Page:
BOEING'S new carbon-composite 787 Dreamliner plane may turn out to be unsafe and could lead to more deaths in crashes, according to a report by veteran journalist Dan Rather to be broadcast in the US today.
The new plane, which is mostly made from brittle carbon compounds rather than flexible aluminum, is more likely to shatter on impact and may emit poisonous chemicals when ignited, Rather will report based on interviews with a former Boeing engineer and various industry experts, according to a transcript of the show.
"The problem is all the unknowns that are being introduced and then explained away as if there is no problem,'' said Vince Weldon, a former Boeing engineer, in an interview to be broadcast as part of Rather's report.
Mr Weldon compares a recent crash in a standard aluminum plane where the dented but intact fuselage kept fire at bay and allowed the passengers to leave the plane alive.
"With a composite airframe, the fuselage would not crumple, it would shatter ... that shattered hole would be there for the fire that's going into the airplane,'' Mr Weldon says in the interview.
"Instead of everyone getting out, it would be a far less positive result.''
Mr Weldon says he was fired by Boeing after a 46-year career because of his persistent complaints about the design of the 787.
He claims he represents the view of others at Boeing who were afraid to speak out.
Boeing, which did not provide officials for on-camera interviews in Rather's report, said today that Weldon's claims were not valid and the plane would not fly if it was not safe.
"We've looked at Mr Weldon's claims. We've had technical committees review them. We do an exceptional amount of testing,'' said Lori Gunter, a spokeswoman for Boeing's commercial plane unit.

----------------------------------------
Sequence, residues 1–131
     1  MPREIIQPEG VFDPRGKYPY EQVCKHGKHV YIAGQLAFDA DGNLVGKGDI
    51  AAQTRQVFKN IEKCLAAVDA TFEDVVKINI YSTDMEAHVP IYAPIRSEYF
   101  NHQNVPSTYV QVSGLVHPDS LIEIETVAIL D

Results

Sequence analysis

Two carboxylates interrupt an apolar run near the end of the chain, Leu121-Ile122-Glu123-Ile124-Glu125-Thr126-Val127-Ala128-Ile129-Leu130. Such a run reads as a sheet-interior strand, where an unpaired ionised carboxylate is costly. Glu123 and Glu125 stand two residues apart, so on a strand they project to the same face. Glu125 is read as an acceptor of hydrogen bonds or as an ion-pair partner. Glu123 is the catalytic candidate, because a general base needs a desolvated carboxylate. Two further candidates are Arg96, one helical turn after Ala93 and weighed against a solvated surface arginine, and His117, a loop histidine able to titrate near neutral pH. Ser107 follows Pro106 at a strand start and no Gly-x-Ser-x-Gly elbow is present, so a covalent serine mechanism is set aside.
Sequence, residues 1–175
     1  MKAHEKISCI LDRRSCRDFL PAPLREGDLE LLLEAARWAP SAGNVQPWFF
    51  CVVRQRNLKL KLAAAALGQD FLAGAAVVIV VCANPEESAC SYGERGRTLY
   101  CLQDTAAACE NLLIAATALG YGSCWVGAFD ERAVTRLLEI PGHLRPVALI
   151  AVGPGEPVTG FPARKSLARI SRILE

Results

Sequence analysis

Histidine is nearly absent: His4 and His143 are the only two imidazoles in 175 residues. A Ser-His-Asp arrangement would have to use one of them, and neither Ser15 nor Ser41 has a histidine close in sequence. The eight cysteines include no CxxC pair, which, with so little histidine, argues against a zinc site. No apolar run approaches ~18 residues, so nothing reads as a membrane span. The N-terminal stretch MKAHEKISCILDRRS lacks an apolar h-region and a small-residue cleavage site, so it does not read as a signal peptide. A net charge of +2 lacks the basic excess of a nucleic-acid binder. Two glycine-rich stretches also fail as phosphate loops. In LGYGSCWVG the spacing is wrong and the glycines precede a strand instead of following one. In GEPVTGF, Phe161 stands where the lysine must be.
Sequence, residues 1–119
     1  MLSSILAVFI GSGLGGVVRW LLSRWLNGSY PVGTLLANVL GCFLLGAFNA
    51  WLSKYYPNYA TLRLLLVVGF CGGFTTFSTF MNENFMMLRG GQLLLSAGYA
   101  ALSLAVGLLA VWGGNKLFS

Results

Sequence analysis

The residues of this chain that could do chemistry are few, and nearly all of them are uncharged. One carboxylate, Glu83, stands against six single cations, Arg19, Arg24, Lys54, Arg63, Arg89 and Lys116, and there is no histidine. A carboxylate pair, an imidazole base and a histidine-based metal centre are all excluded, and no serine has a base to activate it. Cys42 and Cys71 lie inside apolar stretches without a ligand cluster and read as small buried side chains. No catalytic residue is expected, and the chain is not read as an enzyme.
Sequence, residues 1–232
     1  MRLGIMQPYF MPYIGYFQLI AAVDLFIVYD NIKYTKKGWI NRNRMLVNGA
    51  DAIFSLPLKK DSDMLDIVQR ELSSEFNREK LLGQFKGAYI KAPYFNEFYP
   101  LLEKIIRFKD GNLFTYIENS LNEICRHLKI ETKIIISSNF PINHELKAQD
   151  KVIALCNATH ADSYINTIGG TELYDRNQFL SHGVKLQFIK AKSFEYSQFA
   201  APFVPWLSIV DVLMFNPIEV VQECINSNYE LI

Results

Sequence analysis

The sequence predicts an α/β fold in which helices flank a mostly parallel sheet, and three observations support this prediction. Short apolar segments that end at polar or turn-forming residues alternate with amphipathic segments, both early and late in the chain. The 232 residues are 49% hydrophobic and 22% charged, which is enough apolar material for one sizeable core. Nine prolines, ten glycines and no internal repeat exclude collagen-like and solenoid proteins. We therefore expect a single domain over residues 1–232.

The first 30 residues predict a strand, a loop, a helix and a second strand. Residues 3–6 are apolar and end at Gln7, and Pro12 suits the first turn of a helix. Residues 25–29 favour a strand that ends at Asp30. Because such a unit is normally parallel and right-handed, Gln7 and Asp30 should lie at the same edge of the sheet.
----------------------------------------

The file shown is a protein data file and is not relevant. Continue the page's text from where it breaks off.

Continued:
"Absolutely, these materials are safe. They are tested, they will be certified.''
She said the Federal Aviation Administration (FAA) must find the 787 to be as crashworthy as aluminum planes, and the plane was doing well in those tests so far. She declined to comment on the circumstances of Mr Weldon's departure from Boeing.
Boeing's lightweight, fuel-efficient 787, which has become its most successful plane launch ever, is set for its first test flight between mid-November and mid-December after a three month delay due to a shortage of bolts and problems programming the flight control software.
The first 787 is due to be delivered to Japan's All Nippon Airways in May next year, meaning it will have at most six months of flight tests, much shorter than previous jetliner programs.
Boeing's rival Airbus, owned by European aerospace company EADS, is also working on a composite fuselage for its new A350 jet, but it is some years behind Boeing in the design and production process.
In Rather's report, Mr Weldon and other experts also argue that the carbon-composite fuselage would not survive a lightning strike as well as aluminum, would emit toxic fumes when burning, and could easily be damaged without any visible sign.
Mr Weldon says Boeing is misrepresenting to airlines the ease of maintenance on carbon fuselage planes.
The report cites experts referring to Airbus planes that had carbon parts with problems that were not easily visible.
Rather's report also includes aviation experts who see little or no problem with the 787.
"I'm excited to ride on the 787. I'm excited to fly in composite aircraft,'' says Joseph Rakow, an engineer at consulting company Exponent, in an interview in the report.
Todd Wissing, a commercial pilot, says he would fly the 787 as long as the composite materials are rigorously tested.
"We put safety as our top priority,'' says Mr Wissing in the report.
"We use the 21st century inspection methods with these new materials. Then we have complete confidence that we can get in that airplane with our passengers and go fly because that's what we can do.''
The report by former CBS News anchor Dan Rather is the latest edition of Dan Rather Reports, broadcast on HDNet, a subscription-only television channel that about four million Americans are able to view.
Last year Rather left CBS after a scandal over his reporting on President George W. Bush's military record.
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